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Math Worksheets For All Ages

Math Worksheets Land

Math Worksheets For All Ages

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Equality Worksheets

Tips for Working with Equals Signs
It is important to understand and learn your way around with equals sign, especially when we are working with equations. So, what does equals sign mean? It means "Balance," "Same value as," and "The same amount as." The use of equal is often found in equations such as: 3 + 2 = 5
1 + 6 = 7
8 + 2 = 2 + 8
We can see that in an equation, we are not saying that the numbers on two sides of the equals sign are equal to each. What the equals sign is saying is that the value on the left-hand side of the '=' sign is equal to the value on the right-hand side. For example: 18 = 81 This is not a correct equation despite both sides having 1 and 8, but the value is different on both sides of the equals sign. Let's do another example. 10 = 1 + 0 This is also an incorrect equation because 1 + 0 can never be equal to 10. This shows that the equals sign is used when the two value on the right side is equal to the total value on the left side of the equation. These worksheets help student to learn to the concept of being equal and get comfortable with the equals symbol itself.

Aligned Standard: Grade 1 Operations- 1.OA.7

  • Answer Keys - These are for all the unlocked materials above.

Guided Lessons

These are a bit more advanced than the work above.

Practice Worksheets

These are a lot more creative than most standards based sheets.

Real Numbers Properties of Mathematical Equality

When a mathematical statement possesses a sense of equivalence between two or more values, we call this a state of equality. We can use this mathematical state to our advantage to help us find balance and solve equations for missing values. This is underlying property that often allows us to manipulate an equation for our own needs. Here is a quick look at how some of these properties allow us to rearrange and ultimately have our way with equations.

Reflexive - This just tells that a number is equal to itself. Such as b = b. This is helpful because it allows us to quickly reduce equations that have exceptionally large values.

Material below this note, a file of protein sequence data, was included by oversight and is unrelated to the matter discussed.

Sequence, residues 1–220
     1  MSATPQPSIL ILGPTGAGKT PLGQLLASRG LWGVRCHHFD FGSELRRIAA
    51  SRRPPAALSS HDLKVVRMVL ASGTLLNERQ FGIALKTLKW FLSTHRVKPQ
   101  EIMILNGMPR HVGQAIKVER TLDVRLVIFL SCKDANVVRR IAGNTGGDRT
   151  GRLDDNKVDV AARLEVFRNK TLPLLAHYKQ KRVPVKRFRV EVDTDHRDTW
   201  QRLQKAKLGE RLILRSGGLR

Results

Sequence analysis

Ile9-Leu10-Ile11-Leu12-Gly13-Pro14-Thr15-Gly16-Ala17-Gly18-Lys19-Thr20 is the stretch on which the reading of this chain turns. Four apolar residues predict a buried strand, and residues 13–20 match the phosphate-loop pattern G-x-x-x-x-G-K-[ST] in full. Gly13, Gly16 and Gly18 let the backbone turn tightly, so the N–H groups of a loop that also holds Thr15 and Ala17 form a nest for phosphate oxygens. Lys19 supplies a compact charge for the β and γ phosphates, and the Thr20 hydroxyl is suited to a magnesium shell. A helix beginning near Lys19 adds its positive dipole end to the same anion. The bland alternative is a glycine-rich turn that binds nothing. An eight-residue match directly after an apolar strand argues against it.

Symmetric - This tells us that the order in which math statements are stated do not matter. If b = c, c = b would also be true. We can use the nature of this to help us rearrange an equation in a fashion that makes it easier to work with.

Transitive - This just takes the symmetric property and scales it up a bit. This tells us that if two numbers are equal to the same value, then they are equal to each other as well. For example, if b = c and c = d, then b = d also. This is often helpful to combine or compact values quickly when simplifying equations for ourselves.

Multiplication Property - When we are simplifying and reducing equations, this is super helpful. This tells us that we remove things that appear on opposite sides of the equals symbol. For example, if ac = bc can be easily reduced to a = b. This also tells us that as long as we perform the same math operation to both sides of the equal symbol, we can.

Distributive - Yes, this is where the parathesis comes into play in equations. The distributive property provides us the standard that says if we put something (single number or full-on math statement) in parathesis and put a number outside. The number outside should be multiplied by everything separated by an operations symbol within that parenthesis. For example, ab + ac can be rewritten as a(b + c).

There are several more properties that we did not detail here. We focused on those properties that we constantly find ourselves using and it also gives you a great deal of insight into how we theoretically rationalize solving math equations.

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